Connecticut Kicks Off Legal Weed Sales: Where To Buy It & What To Watch Out For

Connecticut's legal adult-use cannabis market is officially rolling out on Tuesday, Jan. 10 around 10 a.m.

As a total of seven retailers are getting ready to open, state officials are worried about the impact the move might have on children.

Officials Worried About Health Impacts

New Heaven city leaders stressed the importance of keeping children safe and responsible use of marijuana.

To tackle the issue, they've launched a campaign for young people saying there's nothing recreational about cannabis, urging adults to lock it, label it and limit it in their homes, reported NBC Connecticut.

Cases of middle school students ending up in the hospital after getting sick from eating cannabis-infused edibles were reported last year in the New Haven Public Schools (NHPS) district and following the legalization of recreational use in 2021.

Karl Jacobson, who was sworn in as the New Haven Police Department's new police chief in July, warned about potential criminal consequences.

"The potential criminal consequence is a risk to injury, which is a felony," Jacobson said, adding, "we have seen charges like that where it wasn't locked up and it was accessible to people under age."

Unfortunately, a growing number of children are accidentally consuming marijuana-infused foods nationwide.

According to a recent analysis of records from the National Poison Data System, in the period between 2017 and 2021, the number of incidents in which children under the age of six accidentally ate edible cannabis products rose by 1,375%.

Dr. Antonia Nemanich, a co-author of a study published in the journal Pediatrics, attributed the increase to several factors, including the coronavirus pandemic and the nationwide legalization wave, which resulted in more available marijuana products, to name a few.

"I think all of that plays into this, and the regulations haven't kept pace with the increased prevalence of the product," she said.

(Un)Fairness Of Legalization Process

Meanwhile, complaints around the legalization process in Connecticut suggest that cannabis retail licenses have been awarded to out-of-state operators instead of social equity applicants.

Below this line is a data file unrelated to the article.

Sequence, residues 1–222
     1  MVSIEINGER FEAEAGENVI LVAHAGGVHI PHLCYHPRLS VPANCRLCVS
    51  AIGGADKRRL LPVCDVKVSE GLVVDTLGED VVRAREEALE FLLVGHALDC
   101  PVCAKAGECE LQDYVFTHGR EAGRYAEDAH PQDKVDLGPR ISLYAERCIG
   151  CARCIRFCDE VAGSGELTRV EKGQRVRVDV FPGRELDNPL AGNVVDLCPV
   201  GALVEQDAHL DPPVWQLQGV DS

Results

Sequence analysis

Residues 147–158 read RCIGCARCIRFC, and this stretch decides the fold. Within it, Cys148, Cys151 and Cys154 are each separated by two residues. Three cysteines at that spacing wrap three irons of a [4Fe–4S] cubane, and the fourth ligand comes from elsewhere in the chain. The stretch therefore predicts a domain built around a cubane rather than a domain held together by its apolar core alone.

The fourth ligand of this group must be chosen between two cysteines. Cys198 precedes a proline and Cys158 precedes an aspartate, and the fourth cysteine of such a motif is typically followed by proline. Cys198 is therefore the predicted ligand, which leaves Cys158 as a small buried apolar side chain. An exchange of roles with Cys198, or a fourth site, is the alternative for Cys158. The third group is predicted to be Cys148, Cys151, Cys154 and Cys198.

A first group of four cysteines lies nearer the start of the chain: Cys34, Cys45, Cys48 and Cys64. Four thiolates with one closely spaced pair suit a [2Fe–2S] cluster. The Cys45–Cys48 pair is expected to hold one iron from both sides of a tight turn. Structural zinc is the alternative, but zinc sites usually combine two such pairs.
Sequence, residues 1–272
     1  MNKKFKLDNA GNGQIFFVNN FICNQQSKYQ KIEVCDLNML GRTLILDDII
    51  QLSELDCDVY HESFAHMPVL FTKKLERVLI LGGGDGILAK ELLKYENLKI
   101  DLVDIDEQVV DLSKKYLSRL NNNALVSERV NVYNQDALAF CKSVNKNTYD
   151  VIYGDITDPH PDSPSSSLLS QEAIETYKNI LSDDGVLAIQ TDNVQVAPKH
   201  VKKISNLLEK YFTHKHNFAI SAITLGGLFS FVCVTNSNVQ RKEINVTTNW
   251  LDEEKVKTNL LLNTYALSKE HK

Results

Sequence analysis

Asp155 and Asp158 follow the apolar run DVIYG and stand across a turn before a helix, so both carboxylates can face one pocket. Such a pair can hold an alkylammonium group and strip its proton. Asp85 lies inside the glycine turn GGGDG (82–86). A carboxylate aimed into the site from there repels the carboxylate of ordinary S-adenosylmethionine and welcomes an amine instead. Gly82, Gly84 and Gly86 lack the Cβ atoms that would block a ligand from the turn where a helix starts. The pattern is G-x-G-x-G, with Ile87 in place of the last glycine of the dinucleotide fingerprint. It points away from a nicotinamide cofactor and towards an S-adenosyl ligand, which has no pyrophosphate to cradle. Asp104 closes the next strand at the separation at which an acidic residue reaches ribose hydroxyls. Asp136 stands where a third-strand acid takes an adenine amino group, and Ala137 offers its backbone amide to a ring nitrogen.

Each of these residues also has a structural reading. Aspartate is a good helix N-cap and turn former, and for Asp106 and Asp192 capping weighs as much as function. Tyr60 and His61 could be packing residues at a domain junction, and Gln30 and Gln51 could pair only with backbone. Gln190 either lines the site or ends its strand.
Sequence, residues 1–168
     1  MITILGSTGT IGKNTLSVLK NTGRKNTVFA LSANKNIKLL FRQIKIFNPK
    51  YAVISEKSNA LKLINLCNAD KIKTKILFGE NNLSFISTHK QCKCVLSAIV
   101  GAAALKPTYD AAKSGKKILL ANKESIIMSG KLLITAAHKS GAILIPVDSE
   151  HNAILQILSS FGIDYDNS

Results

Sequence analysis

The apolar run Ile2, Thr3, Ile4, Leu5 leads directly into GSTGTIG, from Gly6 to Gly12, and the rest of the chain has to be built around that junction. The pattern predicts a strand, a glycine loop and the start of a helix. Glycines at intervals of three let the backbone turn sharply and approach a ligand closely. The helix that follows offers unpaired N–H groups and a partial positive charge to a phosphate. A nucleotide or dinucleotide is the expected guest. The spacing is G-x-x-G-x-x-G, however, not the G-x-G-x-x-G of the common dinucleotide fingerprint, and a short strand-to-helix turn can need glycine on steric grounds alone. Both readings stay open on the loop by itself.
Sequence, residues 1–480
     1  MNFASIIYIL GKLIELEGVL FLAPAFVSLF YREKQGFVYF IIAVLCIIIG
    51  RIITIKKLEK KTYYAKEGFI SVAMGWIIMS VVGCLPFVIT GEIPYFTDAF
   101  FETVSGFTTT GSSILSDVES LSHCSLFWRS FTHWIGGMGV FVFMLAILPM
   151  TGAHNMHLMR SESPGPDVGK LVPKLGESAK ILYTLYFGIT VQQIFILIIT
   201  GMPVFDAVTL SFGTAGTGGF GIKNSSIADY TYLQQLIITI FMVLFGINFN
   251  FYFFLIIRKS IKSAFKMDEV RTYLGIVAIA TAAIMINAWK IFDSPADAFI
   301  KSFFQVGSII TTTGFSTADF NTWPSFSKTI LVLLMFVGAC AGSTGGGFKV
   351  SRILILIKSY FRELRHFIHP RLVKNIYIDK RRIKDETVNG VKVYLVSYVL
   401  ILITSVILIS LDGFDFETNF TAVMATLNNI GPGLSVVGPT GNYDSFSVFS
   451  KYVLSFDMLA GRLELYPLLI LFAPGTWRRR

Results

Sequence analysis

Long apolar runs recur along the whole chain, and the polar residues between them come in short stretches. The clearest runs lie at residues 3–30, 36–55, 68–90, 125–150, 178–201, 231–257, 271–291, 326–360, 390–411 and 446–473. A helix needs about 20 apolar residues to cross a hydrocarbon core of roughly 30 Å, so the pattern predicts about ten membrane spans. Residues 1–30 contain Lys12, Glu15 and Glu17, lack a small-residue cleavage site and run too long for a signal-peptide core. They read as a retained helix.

"The truth of the matter is those applicants who are well resourced are gonna come up with that money anyway," Andrea Comer, now former chairwoman of the state's Social Equity Council, who supervised much of the lottery process, said in October." So it's not an easy thing to address."

House Majority Leader Jason Rojas, one of the contributors to the adult-use cannabis bill, told NBC Connecticut that the issue needs to be additionally addressed while projecting that smaller businesses will evolve and get their fair share of the market after all.

"You look at beer and the beer industry. For the longest time, it was all the major providers of beer," he said. "And in the last 10 years, we've seen an explosion of craft beer makers."

Where To Buy Legal Weed In CT

For now, seven existing medical marijuana dispensaries have "successfully completed the necessary steps for conversion to a hybrid license," the state Department of Consumer Protection (DCP) announced in a last year's statement.

The seven dispensaries are:

  • Affinity Health & Wellness in New Haven
  • Bluepoint Wellness in Branford
  • The Botanist - Acreage Holdings, Inc's ACRDF's subsidiary - in Montville
  • Fine Fettle Dispensary in Newington, Stamford and Willimantic
  • Willow Brook Wellness in Meriden


The Constitution state became the 18th U.S. state to legalize marijuana use in 2021, and Gov. Ned Lamont (D), who signed the legislation into law back then, said on New Year's Day that thousands of Connecticut residents convicted of cannabis possession will have their records cleared in an automated erasure method.

To that end, Gov. Lamont and state lawmakers hailed the launch of the "Clean Slate and Cannabis Erasure" online portal to facilitate more cannabis record sealing on Monday.

"Under a new state law that went into effect on Jan. 1, our administration has marked 43,754 low-level cannabis convictions as erased," Lamont said in a post on Twitter, on Jan. 9.

Photo: Courtesy of Thought Catalog on Unsplash

Posted In: CannabisNewsPenny StocksRegulationsMarketsConnecticut CannabisJason RojasKarl JacobsonLegalizationmarijuanaNBC Connecticutrecreational sales


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